Alcoholism & Addiction

Study Links Impulsivity of Alcohol-Dependent Individuals to Brain Anomalies

Research has shown that alcohol dependence is strongly associated with impaired impulse control and the tendency to choose smaller, immediate rewards over larger, delayed rewards. A new study used functional magnetic resonance imaging (fMRI) to examine the neurological basis of impulsivity among those with alcohol use disorders found that impulsivity in alcohol dependence could be the result of functional anomalies in brain regions that are associated with cognition and emotions.

Eric D. Claus, first author of the study and a research scientist with the Mind Research Network, said that those with alcohol dependence score higher on tests that measure impulsivity (such as acting without thinking) and are less able to inhibit responses and delay gratification.

Claus said that the study was designed to look at the neural basis of the ability to delay immediate gratification and choose rewards in the future instead. He added that the researchers looked into this choice process in those with alcohol use problems, from alcohol abuse to severe alcohol dependency. He said this is the largest study to date to investigate the neural basis of impulsivity in alcohol dependence, which enabled them to look at the full range of alcohol use disorders.

For the study, the researchers looked at 150 people (103 males and 47 females) with various degrees of alcohol use. The participants completed a task where two rewards were available: a small monetary award that would be available immediately, or a larger monetary award that would be available in a few weeks. The task was completed while the participants were undergoing fMRI. The participants who selected the more immediate option were considered to be impulsive.

Claus said that the study replicated previous research by showing that alcohol use disorder severity was associated with a greater tendency to choose immediate rewards over future rewards. The study also showed that when individuals with more severe alcohol use disorders delayed gratification, regions of the brain that are involved in emotional processing and response conflict were used to a greater degree than those with less severe alcohol use disorders.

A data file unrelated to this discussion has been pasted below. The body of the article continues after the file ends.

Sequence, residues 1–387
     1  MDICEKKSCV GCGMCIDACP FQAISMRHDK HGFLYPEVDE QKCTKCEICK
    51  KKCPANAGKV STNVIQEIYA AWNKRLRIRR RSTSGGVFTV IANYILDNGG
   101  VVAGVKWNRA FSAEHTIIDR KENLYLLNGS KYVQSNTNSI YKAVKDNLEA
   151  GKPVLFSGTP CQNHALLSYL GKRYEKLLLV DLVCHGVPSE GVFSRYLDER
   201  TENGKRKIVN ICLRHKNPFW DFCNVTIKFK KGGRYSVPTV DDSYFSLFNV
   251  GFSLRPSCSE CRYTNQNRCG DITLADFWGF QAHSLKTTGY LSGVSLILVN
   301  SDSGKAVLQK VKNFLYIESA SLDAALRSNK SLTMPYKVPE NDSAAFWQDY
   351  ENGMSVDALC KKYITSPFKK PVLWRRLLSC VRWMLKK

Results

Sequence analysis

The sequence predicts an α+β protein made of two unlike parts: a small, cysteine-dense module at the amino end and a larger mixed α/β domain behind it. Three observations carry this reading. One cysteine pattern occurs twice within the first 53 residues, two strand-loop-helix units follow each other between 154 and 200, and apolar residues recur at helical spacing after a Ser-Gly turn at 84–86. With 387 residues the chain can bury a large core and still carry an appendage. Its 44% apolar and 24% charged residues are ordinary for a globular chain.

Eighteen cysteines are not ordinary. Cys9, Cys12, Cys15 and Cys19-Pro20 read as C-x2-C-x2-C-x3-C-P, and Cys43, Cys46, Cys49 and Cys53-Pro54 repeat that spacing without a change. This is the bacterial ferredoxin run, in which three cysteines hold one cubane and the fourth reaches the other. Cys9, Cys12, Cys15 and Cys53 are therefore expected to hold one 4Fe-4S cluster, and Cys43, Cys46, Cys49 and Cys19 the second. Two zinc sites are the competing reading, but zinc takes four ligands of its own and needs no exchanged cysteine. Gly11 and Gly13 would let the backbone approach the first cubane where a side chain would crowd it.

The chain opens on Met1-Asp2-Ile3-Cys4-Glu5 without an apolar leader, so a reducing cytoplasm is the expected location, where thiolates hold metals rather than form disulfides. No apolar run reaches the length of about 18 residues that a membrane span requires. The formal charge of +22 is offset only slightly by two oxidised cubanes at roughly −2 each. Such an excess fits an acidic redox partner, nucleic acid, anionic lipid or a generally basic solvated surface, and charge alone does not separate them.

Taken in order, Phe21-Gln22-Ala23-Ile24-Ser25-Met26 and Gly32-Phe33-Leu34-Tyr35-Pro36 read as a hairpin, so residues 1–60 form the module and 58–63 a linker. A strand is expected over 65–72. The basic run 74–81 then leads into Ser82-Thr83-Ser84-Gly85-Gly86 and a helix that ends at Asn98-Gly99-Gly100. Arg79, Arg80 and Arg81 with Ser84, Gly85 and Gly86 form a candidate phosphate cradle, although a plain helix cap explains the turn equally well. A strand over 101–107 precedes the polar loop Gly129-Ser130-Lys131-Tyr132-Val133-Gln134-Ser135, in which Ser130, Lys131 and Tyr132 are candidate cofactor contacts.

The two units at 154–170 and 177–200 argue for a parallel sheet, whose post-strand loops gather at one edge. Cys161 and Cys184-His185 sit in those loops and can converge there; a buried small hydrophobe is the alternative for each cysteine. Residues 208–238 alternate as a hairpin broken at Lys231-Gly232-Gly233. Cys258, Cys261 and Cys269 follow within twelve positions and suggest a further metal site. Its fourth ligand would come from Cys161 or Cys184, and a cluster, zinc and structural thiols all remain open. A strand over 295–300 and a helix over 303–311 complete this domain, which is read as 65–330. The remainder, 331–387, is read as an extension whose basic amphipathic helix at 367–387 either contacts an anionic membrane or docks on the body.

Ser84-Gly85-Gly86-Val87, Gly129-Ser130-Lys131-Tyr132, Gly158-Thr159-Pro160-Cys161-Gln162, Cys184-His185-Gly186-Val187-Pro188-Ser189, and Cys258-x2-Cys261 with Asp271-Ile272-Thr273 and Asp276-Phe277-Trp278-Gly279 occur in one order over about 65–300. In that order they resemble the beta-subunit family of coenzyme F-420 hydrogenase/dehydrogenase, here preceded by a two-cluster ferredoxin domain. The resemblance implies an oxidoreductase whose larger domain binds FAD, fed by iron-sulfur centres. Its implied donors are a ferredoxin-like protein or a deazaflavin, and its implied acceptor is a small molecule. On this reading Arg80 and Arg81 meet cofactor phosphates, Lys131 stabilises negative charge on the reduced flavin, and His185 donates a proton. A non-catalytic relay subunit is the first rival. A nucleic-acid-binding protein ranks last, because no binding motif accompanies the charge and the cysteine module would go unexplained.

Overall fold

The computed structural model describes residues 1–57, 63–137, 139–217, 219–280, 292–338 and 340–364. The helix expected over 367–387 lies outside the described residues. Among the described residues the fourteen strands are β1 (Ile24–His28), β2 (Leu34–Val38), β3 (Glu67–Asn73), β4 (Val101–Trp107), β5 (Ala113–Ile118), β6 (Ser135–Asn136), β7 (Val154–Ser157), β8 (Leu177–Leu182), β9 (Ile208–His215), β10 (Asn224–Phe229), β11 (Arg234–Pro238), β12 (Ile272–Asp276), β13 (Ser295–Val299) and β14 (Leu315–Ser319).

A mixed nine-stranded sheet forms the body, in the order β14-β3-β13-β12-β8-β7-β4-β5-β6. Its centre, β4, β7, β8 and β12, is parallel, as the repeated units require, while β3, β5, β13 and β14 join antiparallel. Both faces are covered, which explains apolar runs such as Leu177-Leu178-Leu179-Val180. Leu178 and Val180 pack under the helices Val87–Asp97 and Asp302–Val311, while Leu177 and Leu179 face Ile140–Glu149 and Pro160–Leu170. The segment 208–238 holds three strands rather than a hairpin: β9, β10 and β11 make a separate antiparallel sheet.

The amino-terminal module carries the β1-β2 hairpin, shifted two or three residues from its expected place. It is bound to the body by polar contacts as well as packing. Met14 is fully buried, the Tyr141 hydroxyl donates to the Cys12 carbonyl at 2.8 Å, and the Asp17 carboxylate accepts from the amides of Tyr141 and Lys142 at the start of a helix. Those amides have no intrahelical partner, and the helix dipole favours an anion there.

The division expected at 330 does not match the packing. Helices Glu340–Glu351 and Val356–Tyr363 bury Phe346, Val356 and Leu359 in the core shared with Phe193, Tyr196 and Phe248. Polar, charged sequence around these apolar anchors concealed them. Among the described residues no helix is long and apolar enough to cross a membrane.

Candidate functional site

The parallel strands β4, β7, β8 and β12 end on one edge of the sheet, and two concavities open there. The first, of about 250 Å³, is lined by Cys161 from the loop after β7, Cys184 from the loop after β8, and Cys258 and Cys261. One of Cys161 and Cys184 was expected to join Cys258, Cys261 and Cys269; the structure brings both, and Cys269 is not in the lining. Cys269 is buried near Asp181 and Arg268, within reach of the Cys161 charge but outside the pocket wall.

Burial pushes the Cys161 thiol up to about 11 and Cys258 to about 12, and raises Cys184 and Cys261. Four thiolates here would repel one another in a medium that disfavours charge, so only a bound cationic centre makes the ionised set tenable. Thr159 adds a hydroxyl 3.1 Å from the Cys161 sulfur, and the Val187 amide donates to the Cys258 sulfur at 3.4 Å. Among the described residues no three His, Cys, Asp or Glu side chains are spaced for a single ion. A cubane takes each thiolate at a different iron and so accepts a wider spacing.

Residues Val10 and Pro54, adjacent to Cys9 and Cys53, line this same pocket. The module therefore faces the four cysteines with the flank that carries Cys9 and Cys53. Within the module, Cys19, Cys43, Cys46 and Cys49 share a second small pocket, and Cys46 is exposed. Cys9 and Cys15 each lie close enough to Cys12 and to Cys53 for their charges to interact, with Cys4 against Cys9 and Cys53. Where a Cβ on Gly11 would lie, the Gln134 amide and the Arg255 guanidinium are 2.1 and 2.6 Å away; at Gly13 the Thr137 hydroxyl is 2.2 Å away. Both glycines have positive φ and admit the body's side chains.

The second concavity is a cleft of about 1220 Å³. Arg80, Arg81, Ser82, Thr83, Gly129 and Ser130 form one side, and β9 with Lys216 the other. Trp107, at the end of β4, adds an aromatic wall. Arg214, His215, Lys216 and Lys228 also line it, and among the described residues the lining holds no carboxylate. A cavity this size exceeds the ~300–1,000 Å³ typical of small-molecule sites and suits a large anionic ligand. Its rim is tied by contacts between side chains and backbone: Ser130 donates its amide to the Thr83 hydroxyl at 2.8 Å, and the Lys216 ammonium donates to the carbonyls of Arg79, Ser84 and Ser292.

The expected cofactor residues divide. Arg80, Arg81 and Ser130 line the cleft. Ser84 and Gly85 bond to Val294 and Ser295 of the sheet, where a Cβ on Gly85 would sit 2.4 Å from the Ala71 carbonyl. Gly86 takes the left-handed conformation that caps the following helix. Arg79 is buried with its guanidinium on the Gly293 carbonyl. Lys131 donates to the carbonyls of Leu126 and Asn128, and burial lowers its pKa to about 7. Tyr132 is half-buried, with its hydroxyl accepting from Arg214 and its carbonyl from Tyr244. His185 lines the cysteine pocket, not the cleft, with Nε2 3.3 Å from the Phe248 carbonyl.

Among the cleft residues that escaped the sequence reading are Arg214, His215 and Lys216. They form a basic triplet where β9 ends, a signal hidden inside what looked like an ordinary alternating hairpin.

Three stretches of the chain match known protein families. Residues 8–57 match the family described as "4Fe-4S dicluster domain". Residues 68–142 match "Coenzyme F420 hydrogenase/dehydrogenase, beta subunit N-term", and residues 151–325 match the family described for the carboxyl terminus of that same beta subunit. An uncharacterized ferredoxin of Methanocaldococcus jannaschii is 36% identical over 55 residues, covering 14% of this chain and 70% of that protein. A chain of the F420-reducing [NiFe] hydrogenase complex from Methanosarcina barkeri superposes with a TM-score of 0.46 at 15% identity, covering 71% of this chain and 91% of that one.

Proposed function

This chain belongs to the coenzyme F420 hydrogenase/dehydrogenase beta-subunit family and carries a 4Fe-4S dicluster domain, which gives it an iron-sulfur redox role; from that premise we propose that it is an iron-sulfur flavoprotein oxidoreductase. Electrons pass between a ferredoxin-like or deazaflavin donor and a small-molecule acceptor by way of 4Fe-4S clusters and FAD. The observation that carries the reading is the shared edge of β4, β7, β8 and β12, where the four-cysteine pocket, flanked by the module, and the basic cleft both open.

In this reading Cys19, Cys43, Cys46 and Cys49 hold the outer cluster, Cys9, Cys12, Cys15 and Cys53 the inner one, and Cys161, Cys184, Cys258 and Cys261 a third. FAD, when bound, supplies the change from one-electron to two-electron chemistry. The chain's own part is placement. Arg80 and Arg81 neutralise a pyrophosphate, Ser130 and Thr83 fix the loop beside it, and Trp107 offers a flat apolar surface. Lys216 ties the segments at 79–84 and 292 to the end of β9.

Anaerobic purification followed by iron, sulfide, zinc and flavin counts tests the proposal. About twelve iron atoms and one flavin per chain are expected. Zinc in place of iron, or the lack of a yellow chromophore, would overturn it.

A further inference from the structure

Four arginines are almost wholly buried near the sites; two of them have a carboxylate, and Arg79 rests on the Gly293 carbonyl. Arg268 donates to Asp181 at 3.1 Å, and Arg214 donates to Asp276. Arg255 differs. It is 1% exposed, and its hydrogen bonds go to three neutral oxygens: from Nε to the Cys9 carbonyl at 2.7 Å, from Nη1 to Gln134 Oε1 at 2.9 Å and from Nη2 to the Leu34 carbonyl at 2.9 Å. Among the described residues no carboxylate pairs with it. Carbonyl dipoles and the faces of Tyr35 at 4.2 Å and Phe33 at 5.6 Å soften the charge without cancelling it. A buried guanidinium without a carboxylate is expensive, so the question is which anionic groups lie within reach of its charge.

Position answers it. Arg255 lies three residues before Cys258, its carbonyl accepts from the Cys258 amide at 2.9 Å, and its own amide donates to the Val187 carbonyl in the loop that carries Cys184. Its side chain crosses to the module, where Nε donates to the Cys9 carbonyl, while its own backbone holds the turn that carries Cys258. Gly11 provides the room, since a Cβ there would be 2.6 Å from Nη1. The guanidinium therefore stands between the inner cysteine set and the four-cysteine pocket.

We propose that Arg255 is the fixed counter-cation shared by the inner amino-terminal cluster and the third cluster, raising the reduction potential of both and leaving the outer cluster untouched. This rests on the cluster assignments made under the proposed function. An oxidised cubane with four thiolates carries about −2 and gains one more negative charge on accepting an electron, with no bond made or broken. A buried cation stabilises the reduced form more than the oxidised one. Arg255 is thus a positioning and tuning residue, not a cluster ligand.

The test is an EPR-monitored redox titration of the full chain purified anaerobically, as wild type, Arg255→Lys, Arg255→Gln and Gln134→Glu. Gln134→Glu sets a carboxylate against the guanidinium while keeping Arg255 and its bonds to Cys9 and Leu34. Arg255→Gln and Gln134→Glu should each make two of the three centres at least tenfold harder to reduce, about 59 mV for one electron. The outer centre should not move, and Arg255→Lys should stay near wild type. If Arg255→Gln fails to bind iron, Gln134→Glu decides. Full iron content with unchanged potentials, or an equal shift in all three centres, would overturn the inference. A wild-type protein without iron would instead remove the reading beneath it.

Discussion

These findings suggest that the dysfunction in these brain regions increases with alcohol use disorder severity, showing that the brains of alcoholics aren’t that different from those of non-alcoholics during delay discounting but that the alcoholic brain has to work harder when they choose the delayed reward.

Daniel W. Hommer, chief of the Section of Brain Electrophysiology & Imaging at the National Institute on Alcohol Abuse and Alcoholism, said that many studies have shown that alcoholics have a greater increase in brain blood flow to perform the same task as non-alcoholics.

Claus said that their study suggests that individuals with more severe alcohol use disorders may be more impulsive because their brains are averse to delayed gratification, not because it is rewarding to be impulsive. This information could help researchers and clinicians better understand the difference between impulsive choice and delay discounting.

Source: Science Daily, Researchers Link Alcohol-Dependence Impulsivity to Brain Anomalies, April 15, 2011


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